Can False Rumors Serve as the Basis for Claims of Sexual Harassment?

In Parker v. Reema Consulting, the Fourth Circuit addresses a claim where a female subordinate alleges that she was subjected of repeated rumors of sleeping with her supervisor to secure a promotion.  Importantly, company managers participated in the spreading of the rumors. To state a claim under Title VII for a hostile work environment because of sex, the plaintiff must allege workplace harassment that (1) was “unwelcome”; (2) was based on the employee’s sex; (3) was “sufficiently severe or pervasive to alter the conditions of employment and create an abusive atmosphere”; and (4) was, on some basis, imputable to the employer.

In this case, The Fourth Circuit agrees that these sex based rumors can serve as the basis for a hostile environment claim and that the continuous nature of the harassment was sufficiently pervasive as to interfere in her work.

Is an employee entitled to be reinstated to his or her same position following FMLA leave?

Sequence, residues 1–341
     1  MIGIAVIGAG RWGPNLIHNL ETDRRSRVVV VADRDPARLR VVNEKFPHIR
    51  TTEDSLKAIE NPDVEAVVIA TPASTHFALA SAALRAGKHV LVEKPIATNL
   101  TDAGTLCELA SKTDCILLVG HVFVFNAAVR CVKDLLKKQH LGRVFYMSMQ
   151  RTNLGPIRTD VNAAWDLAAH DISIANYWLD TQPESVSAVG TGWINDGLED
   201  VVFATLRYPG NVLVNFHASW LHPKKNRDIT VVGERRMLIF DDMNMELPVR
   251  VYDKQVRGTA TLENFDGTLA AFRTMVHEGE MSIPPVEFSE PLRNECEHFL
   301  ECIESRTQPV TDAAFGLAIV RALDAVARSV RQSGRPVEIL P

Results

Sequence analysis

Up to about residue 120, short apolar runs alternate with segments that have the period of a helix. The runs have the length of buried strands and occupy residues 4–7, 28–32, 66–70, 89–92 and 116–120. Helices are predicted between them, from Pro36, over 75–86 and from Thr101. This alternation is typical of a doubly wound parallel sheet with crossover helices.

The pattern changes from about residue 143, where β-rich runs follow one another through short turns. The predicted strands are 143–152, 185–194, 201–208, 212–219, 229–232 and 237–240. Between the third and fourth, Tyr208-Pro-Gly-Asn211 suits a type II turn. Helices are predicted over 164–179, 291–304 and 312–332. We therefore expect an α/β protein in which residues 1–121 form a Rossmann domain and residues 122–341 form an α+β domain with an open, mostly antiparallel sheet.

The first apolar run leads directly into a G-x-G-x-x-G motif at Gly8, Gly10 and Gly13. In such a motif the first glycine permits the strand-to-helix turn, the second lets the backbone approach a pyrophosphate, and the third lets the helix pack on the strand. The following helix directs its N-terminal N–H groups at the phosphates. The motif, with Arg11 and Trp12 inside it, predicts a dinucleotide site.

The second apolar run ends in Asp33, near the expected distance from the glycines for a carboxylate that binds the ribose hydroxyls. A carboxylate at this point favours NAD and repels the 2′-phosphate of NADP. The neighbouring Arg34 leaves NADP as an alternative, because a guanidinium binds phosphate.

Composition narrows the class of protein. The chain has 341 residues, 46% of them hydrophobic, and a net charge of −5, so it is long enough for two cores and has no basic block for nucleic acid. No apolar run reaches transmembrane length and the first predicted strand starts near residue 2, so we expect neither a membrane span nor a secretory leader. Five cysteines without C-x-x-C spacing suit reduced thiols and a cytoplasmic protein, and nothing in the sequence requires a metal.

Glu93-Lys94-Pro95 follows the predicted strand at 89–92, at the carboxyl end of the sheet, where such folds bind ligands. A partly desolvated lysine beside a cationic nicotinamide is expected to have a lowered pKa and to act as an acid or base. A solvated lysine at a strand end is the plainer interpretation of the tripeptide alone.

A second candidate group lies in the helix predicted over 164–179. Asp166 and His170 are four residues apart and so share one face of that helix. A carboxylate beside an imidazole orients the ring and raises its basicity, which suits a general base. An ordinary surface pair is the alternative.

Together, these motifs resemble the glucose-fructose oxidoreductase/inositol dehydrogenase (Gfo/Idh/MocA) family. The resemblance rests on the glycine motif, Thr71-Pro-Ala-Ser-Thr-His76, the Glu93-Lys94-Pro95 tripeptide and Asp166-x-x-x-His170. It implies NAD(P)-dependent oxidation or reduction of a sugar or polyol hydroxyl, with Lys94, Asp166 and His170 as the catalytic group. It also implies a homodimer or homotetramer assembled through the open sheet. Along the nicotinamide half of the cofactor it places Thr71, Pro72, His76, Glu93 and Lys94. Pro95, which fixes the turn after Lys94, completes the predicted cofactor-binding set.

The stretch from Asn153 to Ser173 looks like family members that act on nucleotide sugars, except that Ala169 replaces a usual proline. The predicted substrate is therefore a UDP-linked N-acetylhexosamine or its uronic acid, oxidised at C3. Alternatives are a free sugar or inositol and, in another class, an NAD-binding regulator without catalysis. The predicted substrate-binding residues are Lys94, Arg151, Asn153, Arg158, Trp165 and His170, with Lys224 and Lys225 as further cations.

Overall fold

Not exactly.   Under the FLMA, qualified employees are entitled to 12 weeks of leave for a serious medical condition.  At the end of such leave, the employer must reinstate the employee in the position held by the employee at the commencement of the leaver – or – to an equivalent position with equivalent pay, benefits and other terms and conditions of employment.  In Waag v. Sotera Defense Solutions (May 2017), the Fourth Circuit considered the case of of a program manager who required FLMA medical leave after an accident.  During his absence, the company moved forward by filling the program manager’s position.  When he sought to return to work, they re-assigned him to a different role without changing his pay structure.  In finding the re-assignment to qualify as an equivalent position, the Court considered the fact that  (i) both positions were paid the same salary and benefits; (ii) both positions were senior director positions that required plaintiff to report to a vice president; and (iii) neither position included significant managerial responsibilities.  In sum, the Court emphasized that restoration “does not indicate a preference for restoring covered employees to their pre-leave positions over ‘equivalent’ positions, and it does not require an employer to hold open an employee’s original position while that employee is on leave.”